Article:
The Physician's Art: Representations of Art and Medicine
Duke University Medical Center Library, 1999 - Art - 141 pages
From early times, artists have been involved in the life and work of the physician in a variety of ways. Members of the medical professions have, in their turn, been central in shaping the visual canon of their profession, from the grandiose drama of the corpse anatomy theater to the intricately worked ivory and metal tools of their trade. The Physician’s Art celebrates the diversity and achievements of such collaborations, looking beyond the traditional boundaries of art to the books and artifacts used by physicians since the fifteenth century and inviting us to ponder their role and that of medicine in the culture of their time and our own.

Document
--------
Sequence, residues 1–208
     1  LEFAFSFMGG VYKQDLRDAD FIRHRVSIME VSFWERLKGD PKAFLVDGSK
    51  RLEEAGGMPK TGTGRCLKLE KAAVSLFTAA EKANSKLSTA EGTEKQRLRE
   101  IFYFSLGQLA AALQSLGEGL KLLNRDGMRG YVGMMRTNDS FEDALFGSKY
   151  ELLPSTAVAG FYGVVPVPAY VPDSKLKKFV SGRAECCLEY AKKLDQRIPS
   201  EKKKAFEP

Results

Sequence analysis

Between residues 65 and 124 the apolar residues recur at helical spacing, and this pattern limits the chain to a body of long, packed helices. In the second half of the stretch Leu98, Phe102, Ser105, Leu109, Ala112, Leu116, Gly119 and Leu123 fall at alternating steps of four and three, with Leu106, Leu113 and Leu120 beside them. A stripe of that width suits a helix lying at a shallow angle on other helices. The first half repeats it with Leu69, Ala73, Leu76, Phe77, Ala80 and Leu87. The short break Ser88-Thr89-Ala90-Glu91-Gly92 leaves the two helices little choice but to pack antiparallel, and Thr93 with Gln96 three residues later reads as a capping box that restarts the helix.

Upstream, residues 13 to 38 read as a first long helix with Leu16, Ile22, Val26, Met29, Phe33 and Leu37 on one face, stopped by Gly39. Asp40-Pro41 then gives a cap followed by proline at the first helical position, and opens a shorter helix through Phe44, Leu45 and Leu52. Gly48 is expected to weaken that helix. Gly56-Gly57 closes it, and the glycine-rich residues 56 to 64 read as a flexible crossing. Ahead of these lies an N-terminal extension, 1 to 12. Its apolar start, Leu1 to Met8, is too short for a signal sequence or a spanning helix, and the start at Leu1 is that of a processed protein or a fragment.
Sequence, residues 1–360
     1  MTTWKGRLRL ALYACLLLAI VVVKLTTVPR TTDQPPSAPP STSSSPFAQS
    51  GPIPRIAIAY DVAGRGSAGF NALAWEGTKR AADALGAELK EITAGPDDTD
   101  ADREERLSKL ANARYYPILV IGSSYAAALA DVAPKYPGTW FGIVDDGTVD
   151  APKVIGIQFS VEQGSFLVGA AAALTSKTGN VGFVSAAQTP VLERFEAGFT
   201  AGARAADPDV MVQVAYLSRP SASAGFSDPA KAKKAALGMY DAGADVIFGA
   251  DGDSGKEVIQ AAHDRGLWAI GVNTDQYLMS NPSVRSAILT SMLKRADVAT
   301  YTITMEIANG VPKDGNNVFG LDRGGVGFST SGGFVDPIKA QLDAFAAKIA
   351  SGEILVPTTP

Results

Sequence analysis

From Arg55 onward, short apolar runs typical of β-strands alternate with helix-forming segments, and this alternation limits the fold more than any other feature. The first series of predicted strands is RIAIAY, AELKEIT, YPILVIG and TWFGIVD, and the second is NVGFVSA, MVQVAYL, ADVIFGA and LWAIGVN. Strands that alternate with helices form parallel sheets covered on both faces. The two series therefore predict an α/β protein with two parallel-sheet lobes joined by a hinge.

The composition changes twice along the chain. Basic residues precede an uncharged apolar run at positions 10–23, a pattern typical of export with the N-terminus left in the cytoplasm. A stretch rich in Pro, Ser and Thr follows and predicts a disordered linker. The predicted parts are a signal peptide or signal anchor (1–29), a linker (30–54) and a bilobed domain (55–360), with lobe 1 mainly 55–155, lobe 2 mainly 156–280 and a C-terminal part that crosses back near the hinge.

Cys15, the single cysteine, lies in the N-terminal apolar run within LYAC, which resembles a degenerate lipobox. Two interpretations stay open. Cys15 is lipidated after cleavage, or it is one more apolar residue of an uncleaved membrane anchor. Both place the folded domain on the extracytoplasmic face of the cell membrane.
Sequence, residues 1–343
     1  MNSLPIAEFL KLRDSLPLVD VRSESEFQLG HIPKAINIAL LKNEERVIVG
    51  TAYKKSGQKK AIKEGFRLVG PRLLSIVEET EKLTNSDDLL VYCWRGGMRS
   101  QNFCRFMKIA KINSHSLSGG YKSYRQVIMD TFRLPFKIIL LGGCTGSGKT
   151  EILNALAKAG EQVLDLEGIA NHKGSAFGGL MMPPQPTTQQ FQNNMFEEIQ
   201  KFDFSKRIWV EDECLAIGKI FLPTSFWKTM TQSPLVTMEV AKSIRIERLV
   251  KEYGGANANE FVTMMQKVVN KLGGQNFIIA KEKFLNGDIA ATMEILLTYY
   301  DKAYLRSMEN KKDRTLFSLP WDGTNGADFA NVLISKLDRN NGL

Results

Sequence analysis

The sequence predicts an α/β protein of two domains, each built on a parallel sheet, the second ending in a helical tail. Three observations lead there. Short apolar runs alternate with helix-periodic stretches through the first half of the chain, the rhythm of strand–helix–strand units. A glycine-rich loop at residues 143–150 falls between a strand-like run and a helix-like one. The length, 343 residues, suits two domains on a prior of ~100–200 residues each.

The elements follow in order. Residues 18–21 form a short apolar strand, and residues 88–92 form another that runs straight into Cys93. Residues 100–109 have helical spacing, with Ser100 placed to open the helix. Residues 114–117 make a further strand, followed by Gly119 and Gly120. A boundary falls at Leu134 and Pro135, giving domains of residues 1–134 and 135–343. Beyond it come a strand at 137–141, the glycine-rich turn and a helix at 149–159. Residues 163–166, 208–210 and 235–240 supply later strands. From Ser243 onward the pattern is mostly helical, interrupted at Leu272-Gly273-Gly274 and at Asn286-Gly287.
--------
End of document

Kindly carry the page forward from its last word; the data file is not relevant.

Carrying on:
Published as a companion catalogue to an exhibit of more than one hundred rare and remarkable “medical art” objects that was curated by Julie V. Hansen at the Duke University Museum of Art, this richly illustrated book includes an introductory essay by distinguished art historian Martin Kemp. Demonstrating how the practice of medicine and our understanding of disease and the human body have gone hand in hand with the development of techniques in art—combined with such inventions as the camera and the microscope—this book presents works that range from the fifteenth century to the twentieth, from Europe to the Far East and Africa, from detailed medical illustrations to photographs of ivory manikins and an amputation saw.
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Review: The Physician's Art: Representations of Art and MedicineUser Review - Aaron the Pink Donut - Goodreads
A nice hodgepodge of medical related art or art related to medicine through history. Everything from Vesalius's wood cuts to fine bone saws and scalpels can be found in this attractive, well produced ... Read full review